Typically, states of emergency enable the local authorities to prohibit the -sale- of liquor, guns, and ammo (on the theory that the emergency is a riot, and liquor, guns and ammo would provide riot fuel) but no one has ever been able to quote me chapter and verse on a statute in Louisiana authorizing the door to door confiscation of arms from peacable people.

Given the various court orders of "knock it the hell off and give people their guns back", I doubt that anyone ever will.
The anecdotal stories seem to point to the relatively weak and helpless being disarmed. I haven't heard of too many well trained and armed citizens being disarmed. Just out of curosity, and not to digress, has anyone heard of anyone fitting that description losing their guns in NOLA?
Its when she is holding/showing/sweeping the cops,that the cops grab her and throw her down.

Quickdraw, I remember seeing that one and getting pissed, the lady was explaining she was ok had food,water, and the flodding in her house was minimal, etc and didn't want to leave her cats. She was holding this old looking white handled revolver, by the barrel showing it to them, some one off camera distracted her and three Gestapo tackled the hell out of her. I'm going to hunt and see if I cant find that video.
Thain, you may not have to... many states have passed laws which specifically state that firearms may not be confiscated in times of emergency in the wake of the disaster in New Orleans. I'm not sure if Michigan is on the list.
No warrants, no legal precedents, no BATF, nothing but armed law enforcement officers knocking down doors, pointing their guns at people, disarming them, and expelling them from the city. It's Mayor C. Ray Nagin's best work.

Try this link and see for yourself: New Orleans Police Illegally Confiscating Guns After Katrina.

If that link doesn't get you to the video (I had problems with it a few minutes ago) click here, look for the video with that title, and click on "Watch Video Here" just below its entry. It worked for me.

While you're there, look at the video entitled "Police Looting in New Orleans." No legal precedent for that either.
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Disarming aside, do they have the authority to forcibly remove people from their houses?

This is something to keep in mind for all of us who think of our selves as "prepared" for SHTF. You may have all of the neato survival gear, food for 5 years and 100,000 round of ammo, but the authorities may just come and make you leave it all behind.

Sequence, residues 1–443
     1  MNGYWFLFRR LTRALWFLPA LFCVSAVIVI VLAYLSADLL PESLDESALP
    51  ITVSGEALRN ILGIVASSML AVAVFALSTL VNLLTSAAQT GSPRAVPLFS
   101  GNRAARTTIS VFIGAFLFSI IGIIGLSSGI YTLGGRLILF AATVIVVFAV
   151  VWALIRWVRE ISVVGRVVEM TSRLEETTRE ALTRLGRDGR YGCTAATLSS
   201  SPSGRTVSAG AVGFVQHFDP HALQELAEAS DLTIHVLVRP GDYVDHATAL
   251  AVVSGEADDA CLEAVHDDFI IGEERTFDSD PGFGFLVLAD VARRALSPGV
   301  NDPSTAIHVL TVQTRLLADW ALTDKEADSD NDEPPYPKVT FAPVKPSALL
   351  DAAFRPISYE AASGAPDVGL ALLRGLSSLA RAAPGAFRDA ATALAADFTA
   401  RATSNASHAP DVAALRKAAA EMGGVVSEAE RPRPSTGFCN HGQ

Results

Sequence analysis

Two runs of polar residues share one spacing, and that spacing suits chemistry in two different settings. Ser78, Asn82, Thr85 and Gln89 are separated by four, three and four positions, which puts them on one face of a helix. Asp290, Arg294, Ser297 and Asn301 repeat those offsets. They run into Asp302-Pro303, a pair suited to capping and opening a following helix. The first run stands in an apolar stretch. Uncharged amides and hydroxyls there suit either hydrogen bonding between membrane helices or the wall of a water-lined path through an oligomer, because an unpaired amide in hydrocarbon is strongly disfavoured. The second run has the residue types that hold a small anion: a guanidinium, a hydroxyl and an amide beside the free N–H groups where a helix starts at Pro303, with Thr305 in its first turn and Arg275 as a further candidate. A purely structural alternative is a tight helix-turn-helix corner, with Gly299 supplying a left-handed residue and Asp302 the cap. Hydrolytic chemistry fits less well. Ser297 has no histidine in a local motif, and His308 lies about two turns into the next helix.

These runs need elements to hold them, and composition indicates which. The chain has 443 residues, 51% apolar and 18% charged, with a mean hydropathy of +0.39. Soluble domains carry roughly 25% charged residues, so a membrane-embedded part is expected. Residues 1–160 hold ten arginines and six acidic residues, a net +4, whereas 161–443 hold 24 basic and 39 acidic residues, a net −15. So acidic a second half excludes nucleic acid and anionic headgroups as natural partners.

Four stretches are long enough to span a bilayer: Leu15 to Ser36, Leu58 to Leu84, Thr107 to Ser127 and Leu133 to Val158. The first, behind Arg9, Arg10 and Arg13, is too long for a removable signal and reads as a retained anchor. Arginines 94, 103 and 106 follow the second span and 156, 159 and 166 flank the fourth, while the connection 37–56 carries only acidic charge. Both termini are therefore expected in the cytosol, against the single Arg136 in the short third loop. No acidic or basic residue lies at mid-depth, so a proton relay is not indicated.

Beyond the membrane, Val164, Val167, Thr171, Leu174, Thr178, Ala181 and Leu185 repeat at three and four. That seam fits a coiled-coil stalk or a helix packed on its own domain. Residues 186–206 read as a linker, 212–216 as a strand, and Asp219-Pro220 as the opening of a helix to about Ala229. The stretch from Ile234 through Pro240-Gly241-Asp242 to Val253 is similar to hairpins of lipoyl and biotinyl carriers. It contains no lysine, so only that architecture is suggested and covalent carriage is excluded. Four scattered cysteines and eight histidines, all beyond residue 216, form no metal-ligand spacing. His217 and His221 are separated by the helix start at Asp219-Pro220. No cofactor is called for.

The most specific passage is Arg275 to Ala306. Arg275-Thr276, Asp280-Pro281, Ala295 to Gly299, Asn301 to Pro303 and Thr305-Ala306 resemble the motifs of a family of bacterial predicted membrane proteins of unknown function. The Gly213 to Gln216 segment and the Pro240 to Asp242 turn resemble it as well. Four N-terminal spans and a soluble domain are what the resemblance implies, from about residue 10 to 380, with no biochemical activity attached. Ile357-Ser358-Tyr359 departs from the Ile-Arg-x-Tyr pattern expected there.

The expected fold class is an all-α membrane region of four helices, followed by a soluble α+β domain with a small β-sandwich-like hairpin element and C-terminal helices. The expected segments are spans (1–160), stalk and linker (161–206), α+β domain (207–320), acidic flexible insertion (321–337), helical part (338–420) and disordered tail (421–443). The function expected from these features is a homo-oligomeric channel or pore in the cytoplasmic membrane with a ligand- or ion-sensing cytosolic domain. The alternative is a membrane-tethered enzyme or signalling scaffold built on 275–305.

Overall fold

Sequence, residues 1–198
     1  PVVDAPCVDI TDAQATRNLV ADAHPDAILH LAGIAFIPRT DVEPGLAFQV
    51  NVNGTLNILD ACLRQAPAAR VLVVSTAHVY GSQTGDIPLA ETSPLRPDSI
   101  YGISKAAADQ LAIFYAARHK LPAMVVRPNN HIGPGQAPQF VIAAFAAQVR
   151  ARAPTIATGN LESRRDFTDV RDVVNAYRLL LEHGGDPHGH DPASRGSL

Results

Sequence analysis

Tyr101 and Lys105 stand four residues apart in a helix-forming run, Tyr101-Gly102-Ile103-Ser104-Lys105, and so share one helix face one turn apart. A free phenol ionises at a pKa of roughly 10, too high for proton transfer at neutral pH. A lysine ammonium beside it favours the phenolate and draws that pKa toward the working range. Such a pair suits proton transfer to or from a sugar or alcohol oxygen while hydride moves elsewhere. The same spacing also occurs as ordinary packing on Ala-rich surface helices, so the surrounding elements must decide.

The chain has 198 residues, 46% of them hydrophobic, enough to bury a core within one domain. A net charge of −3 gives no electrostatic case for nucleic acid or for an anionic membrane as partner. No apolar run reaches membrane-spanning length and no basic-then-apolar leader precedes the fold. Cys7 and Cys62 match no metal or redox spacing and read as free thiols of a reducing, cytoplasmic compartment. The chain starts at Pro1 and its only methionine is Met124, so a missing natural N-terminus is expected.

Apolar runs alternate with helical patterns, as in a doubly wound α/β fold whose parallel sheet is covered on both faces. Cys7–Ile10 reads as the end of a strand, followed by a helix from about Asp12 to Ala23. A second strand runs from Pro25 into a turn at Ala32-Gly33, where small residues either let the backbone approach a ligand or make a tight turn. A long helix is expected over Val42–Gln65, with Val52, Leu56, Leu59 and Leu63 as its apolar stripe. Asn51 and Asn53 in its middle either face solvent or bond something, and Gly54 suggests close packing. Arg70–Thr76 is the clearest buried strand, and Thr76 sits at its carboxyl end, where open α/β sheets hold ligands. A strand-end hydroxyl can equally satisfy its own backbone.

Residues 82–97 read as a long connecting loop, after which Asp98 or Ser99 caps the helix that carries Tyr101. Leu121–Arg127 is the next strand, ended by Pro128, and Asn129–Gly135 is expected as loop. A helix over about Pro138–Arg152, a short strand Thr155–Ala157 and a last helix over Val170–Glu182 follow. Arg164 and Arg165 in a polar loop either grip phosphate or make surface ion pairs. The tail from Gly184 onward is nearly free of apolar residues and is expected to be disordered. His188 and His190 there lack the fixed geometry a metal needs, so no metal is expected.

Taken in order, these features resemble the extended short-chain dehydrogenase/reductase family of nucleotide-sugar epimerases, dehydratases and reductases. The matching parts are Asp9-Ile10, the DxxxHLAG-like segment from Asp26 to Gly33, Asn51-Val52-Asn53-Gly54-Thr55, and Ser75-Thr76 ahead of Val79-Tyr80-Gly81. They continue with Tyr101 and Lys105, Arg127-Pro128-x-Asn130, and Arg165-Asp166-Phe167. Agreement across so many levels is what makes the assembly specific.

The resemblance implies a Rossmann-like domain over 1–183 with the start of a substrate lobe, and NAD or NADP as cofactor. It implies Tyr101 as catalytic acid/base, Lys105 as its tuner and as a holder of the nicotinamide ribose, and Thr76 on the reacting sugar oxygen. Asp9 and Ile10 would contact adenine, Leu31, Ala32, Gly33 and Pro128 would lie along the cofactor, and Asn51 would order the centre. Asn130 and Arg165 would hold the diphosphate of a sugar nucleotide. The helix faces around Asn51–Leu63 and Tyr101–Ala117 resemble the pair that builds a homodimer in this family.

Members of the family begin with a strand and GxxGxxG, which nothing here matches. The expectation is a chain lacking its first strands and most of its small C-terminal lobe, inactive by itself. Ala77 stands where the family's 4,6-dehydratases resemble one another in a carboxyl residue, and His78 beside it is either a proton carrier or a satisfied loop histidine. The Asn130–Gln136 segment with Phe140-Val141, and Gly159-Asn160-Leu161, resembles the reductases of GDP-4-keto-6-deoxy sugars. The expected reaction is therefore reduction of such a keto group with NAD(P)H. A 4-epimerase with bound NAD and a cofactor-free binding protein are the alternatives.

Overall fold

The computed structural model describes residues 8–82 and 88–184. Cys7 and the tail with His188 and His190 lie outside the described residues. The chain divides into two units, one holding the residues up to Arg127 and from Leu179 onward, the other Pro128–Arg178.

I saw some videos from NOLA, where the police stopped civilians who were in boats helping to rescue others, or rescuing themselves, and the police just basically pulled alongside and asked if they had any weapons. If the civilians replied that they did, they were disarmed and the weapons were taken.

In another video, a Coast Guardsman noticed a rescued man had a weapon, and reported him to the police, where he was then disarmed.
I did a lot of digging on this and never found a situation where warrants were issued for this kind of thing.
It seemed to be something that people below the judiciary level of the Criminal Justice system took upon themselves.
Disarming aside, do they have the authority to forcibly remove people from their houses?

I looked into that.

The holdouts were basically in a state of failing to obey an evacuation order, which is a misdemeanor in LA, max penalty $500. Basically, that's puts it in the same category as a speeding ticket, failure to neuter one's pet, the wearing of sagging pants, and the like.

I suppose, theoretically, they could have been arrested and arraigned, but that would mean that the authorities would have to follow their normal book and release procedures, an unlikely thing under the circumstances.

The law also has the concept that the force employed must be proportionate to the charges. Bashing in doors and forcibly dragging people out of their homes at gunpoint is pretty high on the force scale.

In fact, forcible relocation is considered a war crime.
HOW did they find out that the people had firearms? Was there a check of the BATF records?

I heard a rumor that authorities went to (flooded/evacuated) gun stores and got names/addresses of gun owners from the Form 4473s and then went from there...and that would be one logical scheme if you wanted to seize guns...but I never saw the rumor substantiated.